By Bobby Bush
Iíd been in search of Santa Barbara Brewing Company once before, probably 1992 or
thereabouts, only to discover that it was just a bar with a lackadaisical brewpub-wannabe
bent. So I was a little dubious when Santa Barbara popped up on my brewpub radar
screen nine years later. But, hey, it was on our way to San Luis Obispo so we stopped
A Tom Petty tune was blasting loudly on the sound system as we stepped from the
busy city sidewalk into the real Santa Barbara Brewing Company. (This vivacious
brewpub did not commence business until 1995, confirming why my earlier searches were
in vain). I liked the place already. Amidst a mid-Thursday afternoon late lunch/early
happy hour crowd, we took our places at the long copper-topped bar. Four vertical
serving tanks and an extremely busy bartender greeted us warmly.
We went straight to work on a ten beer sampler, noting brewer Larry Kreiderís 15
barrel brewhouse at the far end on the room. Five fermenters were positioned on the
balcony just above. Santa Barbara Blonde was clean with immediate earthy tones that
segued into malty aftertaste. Hefe Weizen was big on bananas, Bavarian all the way.
Harbor Light, a classic cream ale, was textured with Czech hops which careened into a
bitter snap at the end. At 7.1% abv, Aftershock Maibock presented dark chocolate amidst
its complex malt bill. Though less potent, Rincon Red was just as malty-intricate with
hints of roasted barley and bittersweet-to-the-tongue finish.
It was a bit odd that our small tasting glasses werenít glass but heavy,
not-quite-clear plastic. Other than aesthetics there were no other effects. Thin yet malty,
Old Town Nut Brown was English in style, preceded by a caramel nose. Deep golden
100% Organic IPA worked ultra-hoppy with a sour-meets-bitter finish. This 7% ale was
also served cask conditioned. Warmer and less carbonated, the cask IPA, covered by a
frothy white head of foam, was turn-your-mouth-inside-out bitter. Typically cask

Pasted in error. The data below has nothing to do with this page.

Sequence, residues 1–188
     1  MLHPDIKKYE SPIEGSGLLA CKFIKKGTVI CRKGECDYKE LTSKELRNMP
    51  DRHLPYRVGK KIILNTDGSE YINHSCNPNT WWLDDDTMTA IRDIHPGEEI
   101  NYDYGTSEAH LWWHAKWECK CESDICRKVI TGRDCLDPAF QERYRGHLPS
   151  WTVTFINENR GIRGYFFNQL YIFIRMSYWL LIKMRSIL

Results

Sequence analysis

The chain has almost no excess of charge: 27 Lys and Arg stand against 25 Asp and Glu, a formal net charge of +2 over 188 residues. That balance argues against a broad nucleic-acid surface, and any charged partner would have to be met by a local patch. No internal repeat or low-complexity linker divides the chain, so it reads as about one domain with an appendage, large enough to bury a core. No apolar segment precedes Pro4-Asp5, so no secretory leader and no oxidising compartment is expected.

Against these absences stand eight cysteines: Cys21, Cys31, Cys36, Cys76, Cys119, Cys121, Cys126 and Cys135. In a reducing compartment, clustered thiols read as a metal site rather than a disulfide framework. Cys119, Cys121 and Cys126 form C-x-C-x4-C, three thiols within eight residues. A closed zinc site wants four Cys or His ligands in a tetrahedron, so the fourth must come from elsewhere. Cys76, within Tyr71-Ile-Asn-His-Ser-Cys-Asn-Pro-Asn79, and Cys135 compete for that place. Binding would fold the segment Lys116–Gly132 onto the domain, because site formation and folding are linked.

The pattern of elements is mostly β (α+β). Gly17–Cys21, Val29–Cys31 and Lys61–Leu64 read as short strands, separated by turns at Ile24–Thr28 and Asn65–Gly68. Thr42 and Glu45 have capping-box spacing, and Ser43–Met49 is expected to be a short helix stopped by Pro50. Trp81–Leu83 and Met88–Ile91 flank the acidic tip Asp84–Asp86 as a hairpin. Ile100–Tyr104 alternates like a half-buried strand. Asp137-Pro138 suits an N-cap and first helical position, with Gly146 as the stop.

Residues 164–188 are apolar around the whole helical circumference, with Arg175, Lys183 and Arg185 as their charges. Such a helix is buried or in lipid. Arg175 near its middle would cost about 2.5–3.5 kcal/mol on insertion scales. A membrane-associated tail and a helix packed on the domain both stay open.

conditioning rounds out an aleís flavors a bit, while warmer serving temperature allows
tastebuds to really taste. A dry stout served on nitro, State Street Stout had loads of
chocolate and black patent malt. It really did have a dry, quick finish. Breakwater
Belgian, our only Santa Barbara disappointment, was spritzy in mouthfeel and relatively
light. Though they were listed on the chalk board, Amber Belgian and Pacific Pale Ale
were not on tap. See www.sbbrewco.com.
We had a blast people watching - customers and waitstaff. Seems the brewpub
was preparing to giveaway a pair of front row tickets to a Tom Petty concert scheduled
for later in the week. Unfortunately, we couldnít stick around for the drawing. The road
So we hit it. Hard. Booked all the way into the quaint town of San Luis Obispo,
which lies about half way between LA and San Francisco. In addition to our Holiday Inn
Express hotel room, we found, tah-dah, another brewpub. It had been at least seven years
since I last visited SLO Brewing Company. The circa-1988 upstairs downtown brewpub
had not changed much. The street, closed for the evening, was full of kids doing
absolutely nothing except for a few skateboarding. Pushing through the underage masses,
out solo I trudged upstairs to find the same huge room full of kids just slightly older than
Similar story- seat at the bar, taster tray eventually ordered (service is not their
strong suit) - I watched the pool players, two young men drinking from tall Yard glasses
and two off-duty waitresses sitting next to me. They seemed to know more about the beer
than the inattentive bartender did. Ordered up a little grub and started in on a long list of
SLO brews. As chaotic as the brewpub is, brewer Steve Courier somehow manages to
make some pretty decent brew. Of the 14 sampled, those most memorable were
Brickhouse Extra Pale Ale (thin but strong in Cascade hops), IPA (powerfully hopped,
thoroughly enjoyable), Oatmeal Stout (full bodied with mocha flavor and Hershey nose)
and Sap Head (woody, whisky finish, somewhere between a Strong Ale and Russian
Imperial Stout). From the SLO dance hall below, Kosmic Kolsch was cleanly golden.
Bitter mid-taste, finish and aftertaste began with initial fruity mouthfeel and flavor. The companyís Paso Robles microbrewery was recently closed. See www.slobrew.com
Come along, we head further north next week.
This article first appeared in Focus, a weekly paper published in Hickory, North Carolina.
© Bobby Bush